-Behavioural Research Methods: Design & Analysis
-Applied Econometrics and Psychological Research Methods
-Research Methods & Programming
-Statistical Models
-Applied Qualitative Data Analysis

Elective modules
-Qualitative Research Methods
-Fundamentals of Cognitive Science
-Psychological Processes: Individual and Social
-Principles of Neuroscience: Brain anatomy, techniques and paradigms
-Developmental Cognitive Neuroscience
-Mental Health, Wellbeing and Neuroscience
-Work Design, Organisational Change and Development
-Research, Design & Analysis
-Research in organisations
-Epidemiology

Dissertation - to be eligible for the MSc, you must complete a 60 credit dissertation.

Career prospects

Possible career paths for graduates of this course include academic research (usually following a PhD) or work involving central and local government agencies, public health, the voluntary sector, market/media research, or management consultancy. This programme of study is suitable for progression onto a PhD programme.

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Learn how different brain functions contribute to cognition, mediate social interaction, and determine mental health, well-being and psychiatric illness. Read more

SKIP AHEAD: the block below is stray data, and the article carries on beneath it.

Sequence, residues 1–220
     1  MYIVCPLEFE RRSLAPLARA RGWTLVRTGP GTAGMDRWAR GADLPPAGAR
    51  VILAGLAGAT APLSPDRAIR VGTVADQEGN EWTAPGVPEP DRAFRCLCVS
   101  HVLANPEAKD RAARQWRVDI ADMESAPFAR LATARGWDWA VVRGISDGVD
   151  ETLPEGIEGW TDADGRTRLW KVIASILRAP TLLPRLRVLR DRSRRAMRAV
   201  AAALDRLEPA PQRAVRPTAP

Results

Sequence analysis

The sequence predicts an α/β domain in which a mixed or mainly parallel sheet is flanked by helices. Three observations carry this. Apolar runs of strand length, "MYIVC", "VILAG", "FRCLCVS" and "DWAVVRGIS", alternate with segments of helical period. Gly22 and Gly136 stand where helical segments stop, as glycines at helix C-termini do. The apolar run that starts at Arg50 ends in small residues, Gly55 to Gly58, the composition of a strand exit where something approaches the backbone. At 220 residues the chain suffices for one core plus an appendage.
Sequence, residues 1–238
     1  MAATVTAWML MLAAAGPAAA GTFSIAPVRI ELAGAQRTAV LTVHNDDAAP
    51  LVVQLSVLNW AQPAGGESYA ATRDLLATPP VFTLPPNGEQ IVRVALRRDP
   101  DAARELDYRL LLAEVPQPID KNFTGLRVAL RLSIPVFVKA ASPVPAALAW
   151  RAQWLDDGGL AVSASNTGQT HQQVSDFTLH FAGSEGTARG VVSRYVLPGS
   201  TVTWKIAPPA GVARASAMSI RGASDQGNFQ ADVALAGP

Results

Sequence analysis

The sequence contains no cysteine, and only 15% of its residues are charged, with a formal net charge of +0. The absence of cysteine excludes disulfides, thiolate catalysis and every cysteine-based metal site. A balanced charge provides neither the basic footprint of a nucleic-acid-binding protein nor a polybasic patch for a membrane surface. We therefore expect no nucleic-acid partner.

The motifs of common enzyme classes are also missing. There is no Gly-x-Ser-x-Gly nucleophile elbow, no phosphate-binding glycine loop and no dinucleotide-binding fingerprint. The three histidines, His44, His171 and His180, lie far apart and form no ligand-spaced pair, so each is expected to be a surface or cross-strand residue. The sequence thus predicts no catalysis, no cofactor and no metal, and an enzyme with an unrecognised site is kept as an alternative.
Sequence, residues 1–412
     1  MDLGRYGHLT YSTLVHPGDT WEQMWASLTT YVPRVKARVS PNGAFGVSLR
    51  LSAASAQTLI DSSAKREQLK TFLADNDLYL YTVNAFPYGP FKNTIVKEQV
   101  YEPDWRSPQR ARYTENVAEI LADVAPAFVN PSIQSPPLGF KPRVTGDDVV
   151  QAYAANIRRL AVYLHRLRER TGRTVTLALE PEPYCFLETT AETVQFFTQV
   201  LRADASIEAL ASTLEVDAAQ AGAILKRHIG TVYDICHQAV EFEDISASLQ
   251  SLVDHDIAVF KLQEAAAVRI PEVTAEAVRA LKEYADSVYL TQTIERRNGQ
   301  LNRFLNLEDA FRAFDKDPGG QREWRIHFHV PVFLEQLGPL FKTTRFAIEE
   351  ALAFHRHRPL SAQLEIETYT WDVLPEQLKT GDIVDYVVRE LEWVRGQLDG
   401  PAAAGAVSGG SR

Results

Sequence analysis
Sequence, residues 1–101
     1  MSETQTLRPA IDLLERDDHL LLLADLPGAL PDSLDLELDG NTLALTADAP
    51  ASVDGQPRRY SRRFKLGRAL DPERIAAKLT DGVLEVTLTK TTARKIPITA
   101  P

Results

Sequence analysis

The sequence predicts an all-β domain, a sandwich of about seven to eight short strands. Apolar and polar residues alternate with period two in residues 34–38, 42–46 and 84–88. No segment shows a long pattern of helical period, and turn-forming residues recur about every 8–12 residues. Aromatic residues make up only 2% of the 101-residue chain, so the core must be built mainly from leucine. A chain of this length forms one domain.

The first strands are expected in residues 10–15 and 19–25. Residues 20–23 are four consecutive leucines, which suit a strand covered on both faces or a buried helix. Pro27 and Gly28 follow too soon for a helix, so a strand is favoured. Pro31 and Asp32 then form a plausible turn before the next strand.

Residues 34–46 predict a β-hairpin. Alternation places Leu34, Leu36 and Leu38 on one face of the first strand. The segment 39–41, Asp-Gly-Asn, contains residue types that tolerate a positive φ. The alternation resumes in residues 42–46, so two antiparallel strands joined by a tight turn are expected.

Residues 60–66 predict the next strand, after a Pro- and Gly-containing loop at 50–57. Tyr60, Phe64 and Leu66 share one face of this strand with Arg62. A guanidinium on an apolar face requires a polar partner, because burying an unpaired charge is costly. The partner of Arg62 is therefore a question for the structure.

Learn how different brain functions contribute to cognition, mediate social interaction, and determine mental health, well-being and psychiatric illness.

Who is it for?

This Masters is ideal for those who have an undergraduate degree in Psychology or a related discipline and would like to build more knowledge and skills highly valued both in academic research and the clinical professions. The MSc is an ideal platform from which to progress to PhD studies, particularly in Cognitive or Social Neuroscience. Students will also be well-equipped should they wish to undertake further professional training in Clinical Psychology, or a related discipline.

Objectives

This Masters degree bridges three research and clinical disciplines: